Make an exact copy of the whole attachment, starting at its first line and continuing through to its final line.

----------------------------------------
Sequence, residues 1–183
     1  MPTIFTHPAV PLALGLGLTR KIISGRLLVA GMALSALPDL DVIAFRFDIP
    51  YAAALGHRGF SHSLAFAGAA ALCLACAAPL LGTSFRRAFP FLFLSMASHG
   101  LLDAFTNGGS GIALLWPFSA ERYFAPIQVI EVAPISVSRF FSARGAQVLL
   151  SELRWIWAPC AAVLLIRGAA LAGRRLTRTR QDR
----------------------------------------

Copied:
Sequence, residues 1–183
     1  MPTIFTHPAV PLALGLGLTR KIISGRLLVA GMALSALPDL DVIAFRFDIP
    51  YAAALGHRGF SHSLAFAGAA ALCLACAAPL LGTSFRRAFP FLFLSMASHG
   101  LLDAFTNGGS GIALLWPFSA ERYFAPIQVI EVAPISVSRF FSARGAQVLL
   151  SELRWIWAPC AAVLLIRGAA LAGRRLTRTR QDR